Updated: Dec 12, 2022
The vast majority of us get through our tax returns without any major problems. Most of us figure the IRS has bigger fish to fry. Most of the time, you would be right; the odds of the average person being audited are quite slim in any given year. But as the saying goes, it's best to hope for the best but be prepared for the worst.
Let's look at a few things you can do to be well-prepared in case you're chosen for an audit.
Before You Get Audited
Keep good records. If you're not organized, now is the time to start. Keep at least 3 years of tax returns and all the associated documents, bills, receipts, and other items as appropriate. This would include any items related to your income, investments, or tax deductions.
If the IRS disputes any of your figures, you'll have to have the documentation to back them up. For example, if you don’t have the documentation for a deduction, they may disallow that deduction altogether.
The organization is an ongoing process. Take care of your records daily, as you accrue them, rather than just once a year.
Watch your red flags. Here are 5 of the things the IRS tends to look for when choosing tax returns to audit:
Large business expenses. Small business owners sometimes try to get away with deducting nearly every expense they have. The IRS knows this. Be careful.
Your "friends." If you're trying to pull a fast one, it's not uncommon for the IRS to get a tip from a friend, family member, or co-worker. The solution is to not do anything wrong in the first place. Additionally, don't tell anyone anything that can come back to haunt you.
Complexity. If your business or investment transactions are very complex, the IRS might believe that it's likely you made a mistake somewhere.
Large Charitable Deductions. If you give significantly more to charity than others in a similar financial situation, the IRS will take pause. Also, if your charitable donations increase dramatically, the IRS will be curious.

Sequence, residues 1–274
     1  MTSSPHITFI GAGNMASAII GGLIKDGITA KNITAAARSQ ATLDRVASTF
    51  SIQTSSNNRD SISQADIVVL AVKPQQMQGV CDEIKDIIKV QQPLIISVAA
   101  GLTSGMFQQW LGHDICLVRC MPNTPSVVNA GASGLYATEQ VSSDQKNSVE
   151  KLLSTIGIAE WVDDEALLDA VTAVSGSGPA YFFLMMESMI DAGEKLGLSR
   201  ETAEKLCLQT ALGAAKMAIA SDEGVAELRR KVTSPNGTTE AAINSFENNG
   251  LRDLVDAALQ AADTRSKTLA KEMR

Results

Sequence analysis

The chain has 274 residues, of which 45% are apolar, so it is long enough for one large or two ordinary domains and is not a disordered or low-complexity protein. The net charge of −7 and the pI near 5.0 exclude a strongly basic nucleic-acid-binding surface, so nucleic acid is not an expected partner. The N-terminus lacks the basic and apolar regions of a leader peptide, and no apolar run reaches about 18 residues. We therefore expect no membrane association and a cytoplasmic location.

Inaccuracies on your W-2 or 1099. They figure if the basic documentation is wrong, there must be other things wrong as well.
Be prepared. If you are chosen for an audit, you should immediately prepare yourself. Review your tax return and associated records. Don't hesitate to get expert advice if you need it; a CPA can provide valuable insight and information.
During the Audit
At the time of the audit, do not volunteer more records than the auditor requests. Extra records will never help you but do allow the auditor to find something else wrong.
Keep the auditor honest. They can only request information and records related to the official request that you received in the audit notification. If they stray from that, don't be afraid to politely tell them 'no'. They have the option of filing a second official request, but many won't bother and will simply let it go.
While the odds of being audited are generally quite small, it is unlikely that you’ll exit an audit without paying some additional tax or penalty. The IRS wants to generate as much income as it can.
However, having the proper documentation for every item on your return lessens the probability that you’ll have to pay. So regardless of which item they question, you have the paperwork to back up what you claimed on the return.
Provided you haven't intentionally done anything wrong, there is usually nothing significant to worry about. The key is, to be honest when filing your taxes and keep your records up to date. If you do these things, you will survive an IRS audit.
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